Walka o prawa ludności murzyńskiej w USA w optyce kina bezpośredniego. Przypadek The Children Were Watching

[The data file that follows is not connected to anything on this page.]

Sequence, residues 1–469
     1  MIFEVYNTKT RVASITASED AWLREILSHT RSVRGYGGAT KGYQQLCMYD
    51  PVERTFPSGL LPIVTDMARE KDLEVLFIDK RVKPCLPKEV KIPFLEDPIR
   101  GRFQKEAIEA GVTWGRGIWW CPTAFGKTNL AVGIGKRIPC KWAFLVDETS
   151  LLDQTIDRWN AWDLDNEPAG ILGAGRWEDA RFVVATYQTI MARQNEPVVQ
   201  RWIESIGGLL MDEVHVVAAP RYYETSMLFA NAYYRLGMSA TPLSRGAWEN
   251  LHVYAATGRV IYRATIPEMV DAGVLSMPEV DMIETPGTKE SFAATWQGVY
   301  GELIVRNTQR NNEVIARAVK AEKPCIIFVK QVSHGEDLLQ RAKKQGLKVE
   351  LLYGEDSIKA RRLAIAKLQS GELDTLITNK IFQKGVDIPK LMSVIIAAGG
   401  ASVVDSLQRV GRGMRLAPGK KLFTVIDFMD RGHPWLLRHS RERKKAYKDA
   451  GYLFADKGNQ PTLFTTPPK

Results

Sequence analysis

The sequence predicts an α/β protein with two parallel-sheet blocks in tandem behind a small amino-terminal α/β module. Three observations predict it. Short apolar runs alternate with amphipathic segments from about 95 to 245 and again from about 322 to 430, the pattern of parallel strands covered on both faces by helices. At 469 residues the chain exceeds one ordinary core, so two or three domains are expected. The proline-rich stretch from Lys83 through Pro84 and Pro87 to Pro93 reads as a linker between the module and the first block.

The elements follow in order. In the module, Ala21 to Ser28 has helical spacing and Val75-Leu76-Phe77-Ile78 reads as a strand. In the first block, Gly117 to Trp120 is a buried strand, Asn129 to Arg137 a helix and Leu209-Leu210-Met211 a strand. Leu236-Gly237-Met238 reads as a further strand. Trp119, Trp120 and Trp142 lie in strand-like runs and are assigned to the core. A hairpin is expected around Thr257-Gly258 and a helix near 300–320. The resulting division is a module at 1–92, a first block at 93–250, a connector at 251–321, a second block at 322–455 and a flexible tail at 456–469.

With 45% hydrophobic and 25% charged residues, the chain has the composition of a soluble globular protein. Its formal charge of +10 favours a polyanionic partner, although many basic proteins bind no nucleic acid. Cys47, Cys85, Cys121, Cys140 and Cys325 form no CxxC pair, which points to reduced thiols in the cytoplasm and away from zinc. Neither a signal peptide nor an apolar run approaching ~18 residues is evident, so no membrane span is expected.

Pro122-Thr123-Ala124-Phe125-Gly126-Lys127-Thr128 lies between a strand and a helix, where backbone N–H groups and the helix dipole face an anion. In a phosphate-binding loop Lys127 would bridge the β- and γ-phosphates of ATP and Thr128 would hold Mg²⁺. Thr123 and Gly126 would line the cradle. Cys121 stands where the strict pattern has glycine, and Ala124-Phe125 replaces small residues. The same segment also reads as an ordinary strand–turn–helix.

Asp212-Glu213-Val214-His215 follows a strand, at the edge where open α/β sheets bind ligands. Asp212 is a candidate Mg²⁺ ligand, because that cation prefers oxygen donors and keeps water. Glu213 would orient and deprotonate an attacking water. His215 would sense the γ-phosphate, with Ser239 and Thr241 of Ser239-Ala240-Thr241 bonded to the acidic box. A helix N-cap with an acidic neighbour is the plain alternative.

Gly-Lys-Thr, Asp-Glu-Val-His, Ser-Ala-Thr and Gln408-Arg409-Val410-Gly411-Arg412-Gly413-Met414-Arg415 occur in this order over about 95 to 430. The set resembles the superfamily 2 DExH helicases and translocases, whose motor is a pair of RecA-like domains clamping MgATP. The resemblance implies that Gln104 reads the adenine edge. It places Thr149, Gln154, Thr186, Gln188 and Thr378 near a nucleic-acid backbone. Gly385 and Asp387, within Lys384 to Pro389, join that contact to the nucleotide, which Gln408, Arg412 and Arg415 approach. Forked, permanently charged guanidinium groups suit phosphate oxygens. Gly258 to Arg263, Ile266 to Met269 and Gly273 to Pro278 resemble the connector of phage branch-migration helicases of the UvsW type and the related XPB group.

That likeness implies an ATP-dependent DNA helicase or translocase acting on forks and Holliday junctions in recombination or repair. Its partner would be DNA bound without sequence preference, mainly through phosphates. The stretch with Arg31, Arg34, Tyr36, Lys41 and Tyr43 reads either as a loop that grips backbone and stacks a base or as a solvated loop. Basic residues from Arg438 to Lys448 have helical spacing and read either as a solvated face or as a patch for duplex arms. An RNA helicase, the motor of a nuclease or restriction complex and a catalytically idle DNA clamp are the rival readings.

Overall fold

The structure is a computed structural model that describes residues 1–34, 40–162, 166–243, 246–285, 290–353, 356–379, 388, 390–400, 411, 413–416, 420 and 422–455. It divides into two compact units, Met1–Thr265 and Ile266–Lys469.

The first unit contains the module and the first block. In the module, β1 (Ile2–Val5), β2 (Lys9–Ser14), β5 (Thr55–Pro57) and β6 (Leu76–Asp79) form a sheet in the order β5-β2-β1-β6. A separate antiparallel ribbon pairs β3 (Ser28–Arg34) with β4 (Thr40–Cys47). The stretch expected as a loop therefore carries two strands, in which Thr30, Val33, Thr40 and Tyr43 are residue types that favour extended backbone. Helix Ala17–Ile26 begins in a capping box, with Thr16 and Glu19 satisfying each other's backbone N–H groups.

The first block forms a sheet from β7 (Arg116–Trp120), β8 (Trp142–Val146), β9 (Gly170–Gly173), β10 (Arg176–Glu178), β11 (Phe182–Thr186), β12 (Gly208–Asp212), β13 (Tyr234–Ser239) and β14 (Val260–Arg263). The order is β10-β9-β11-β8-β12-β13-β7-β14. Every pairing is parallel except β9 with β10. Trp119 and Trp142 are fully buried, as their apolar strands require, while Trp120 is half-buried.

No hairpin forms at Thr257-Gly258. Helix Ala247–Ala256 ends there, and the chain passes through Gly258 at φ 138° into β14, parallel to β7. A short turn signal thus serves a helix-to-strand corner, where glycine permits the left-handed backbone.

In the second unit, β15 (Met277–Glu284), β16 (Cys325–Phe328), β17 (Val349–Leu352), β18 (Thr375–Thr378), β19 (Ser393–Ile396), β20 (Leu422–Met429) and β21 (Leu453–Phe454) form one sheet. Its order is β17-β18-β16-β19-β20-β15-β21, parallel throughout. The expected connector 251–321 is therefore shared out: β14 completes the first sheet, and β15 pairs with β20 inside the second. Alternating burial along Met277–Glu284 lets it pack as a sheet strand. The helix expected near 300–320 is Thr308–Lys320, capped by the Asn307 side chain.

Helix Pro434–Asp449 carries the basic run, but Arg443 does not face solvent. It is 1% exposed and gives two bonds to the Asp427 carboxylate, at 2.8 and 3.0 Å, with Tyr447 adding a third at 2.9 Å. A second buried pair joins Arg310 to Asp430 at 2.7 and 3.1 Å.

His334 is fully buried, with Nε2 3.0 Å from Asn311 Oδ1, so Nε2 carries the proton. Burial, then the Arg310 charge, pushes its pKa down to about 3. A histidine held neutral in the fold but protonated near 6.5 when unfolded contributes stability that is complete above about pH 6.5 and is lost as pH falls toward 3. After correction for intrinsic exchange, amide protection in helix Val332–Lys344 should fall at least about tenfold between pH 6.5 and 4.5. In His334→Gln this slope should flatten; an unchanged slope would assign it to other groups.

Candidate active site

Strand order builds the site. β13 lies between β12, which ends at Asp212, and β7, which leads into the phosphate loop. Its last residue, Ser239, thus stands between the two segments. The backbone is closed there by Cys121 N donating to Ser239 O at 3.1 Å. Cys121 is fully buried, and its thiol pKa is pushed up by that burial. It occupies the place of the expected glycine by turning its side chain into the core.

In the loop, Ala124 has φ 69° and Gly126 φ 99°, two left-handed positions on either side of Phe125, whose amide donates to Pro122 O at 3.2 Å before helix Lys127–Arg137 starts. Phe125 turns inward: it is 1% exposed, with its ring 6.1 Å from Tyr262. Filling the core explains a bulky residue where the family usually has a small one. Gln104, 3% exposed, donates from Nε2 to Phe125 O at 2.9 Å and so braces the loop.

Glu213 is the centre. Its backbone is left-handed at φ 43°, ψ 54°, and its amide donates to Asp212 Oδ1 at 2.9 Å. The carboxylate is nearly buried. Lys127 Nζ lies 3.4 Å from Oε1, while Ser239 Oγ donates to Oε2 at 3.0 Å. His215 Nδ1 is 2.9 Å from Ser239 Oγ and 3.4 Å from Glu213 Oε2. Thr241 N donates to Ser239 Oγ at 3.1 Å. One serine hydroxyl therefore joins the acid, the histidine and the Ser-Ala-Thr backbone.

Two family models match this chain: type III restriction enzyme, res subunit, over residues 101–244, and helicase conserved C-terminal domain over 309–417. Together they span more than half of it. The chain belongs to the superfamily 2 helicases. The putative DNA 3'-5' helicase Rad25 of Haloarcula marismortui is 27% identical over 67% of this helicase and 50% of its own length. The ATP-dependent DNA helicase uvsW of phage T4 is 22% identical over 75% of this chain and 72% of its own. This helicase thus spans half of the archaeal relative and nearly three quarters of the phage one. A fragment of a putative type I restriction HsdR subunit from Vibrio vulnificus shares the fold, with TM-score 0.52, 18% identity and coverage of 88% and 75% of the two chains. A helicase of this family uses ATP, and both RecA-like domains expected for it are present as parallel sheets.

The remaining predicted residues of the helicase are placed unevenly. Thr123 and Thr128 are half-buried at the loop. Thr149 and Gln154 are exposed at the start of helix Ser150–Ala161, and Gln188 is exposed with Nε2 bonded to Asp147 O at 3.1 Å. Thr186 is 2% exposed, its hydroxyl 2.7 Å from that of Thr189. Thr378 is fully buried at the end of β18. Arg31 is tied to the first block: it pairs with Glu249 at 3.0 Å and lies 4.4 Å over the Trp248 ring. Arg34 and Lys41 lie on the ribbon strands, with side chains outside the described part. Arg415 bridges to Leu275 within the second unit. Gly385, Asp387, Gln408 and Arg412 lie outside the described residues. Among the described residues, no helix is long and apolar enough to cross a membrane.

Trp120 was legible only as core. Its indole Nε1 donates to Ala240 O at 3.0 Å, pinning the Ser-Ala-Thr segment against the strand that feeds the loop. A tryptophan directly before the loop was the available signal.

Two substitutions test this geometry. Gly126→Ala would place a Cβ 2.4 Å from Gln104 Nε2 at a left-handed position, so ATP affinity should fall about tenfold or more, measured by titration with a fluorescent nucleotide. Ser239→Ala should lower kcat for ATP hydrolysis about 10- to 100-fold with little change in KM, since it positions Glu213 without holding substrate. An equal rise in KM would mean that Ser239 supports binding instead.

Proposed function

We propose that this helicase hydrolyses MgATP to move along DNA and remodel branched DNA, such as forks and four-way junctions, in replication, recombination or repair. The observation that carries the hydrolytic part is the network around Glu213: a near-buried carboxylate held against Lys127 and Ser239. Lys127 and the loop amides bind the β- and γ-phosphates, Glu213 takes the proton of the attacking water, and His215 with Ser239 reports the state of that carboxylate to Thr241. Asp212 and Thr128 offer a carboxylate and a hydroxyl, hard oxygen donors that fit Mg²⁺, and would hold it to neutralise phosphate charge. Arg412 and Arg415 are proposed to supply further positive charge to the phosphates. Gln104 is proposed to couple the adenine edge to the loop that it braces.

The author analyzes in detail one of the films of the American direct cinema movement - Richard Leacock’s The Children Were Watching, concerning integration of primary schools in New Orleans. Using this particular film as a case study, Przylipiak verifies the basic assumption of film-makers of this movement: the assumption that the cinematic medium has the ability to present reality objectively. The author qualifies their belief that the radical version of mimesis can be controlled by the use of cinematic devices. The problem became especially apparent in the context of their strategy of engaging into social discourse. The act of engagement was to be neutral and based on “pure” observation, free from valuation, using the aesthetics of transparency. Each of those alleged aspects of cinematic record was enabled by technological developments, such as silent camera synchronized with portable sound recorder, high-speed film stock. The central focus of the film analyzed in this text is the issue of racial segregation, the long-lasting problem of American society. The author sets the issue in the American socio-political context, outlining in historical terms the public debate around it, revealing finally the obvious bias of the film-makers of direct cinema movement. Contrary to their declared priority of objectivity, they produced images filtered through propaganda techniques, preceded not only with recording but with intentional use of editing and verbal narration as well.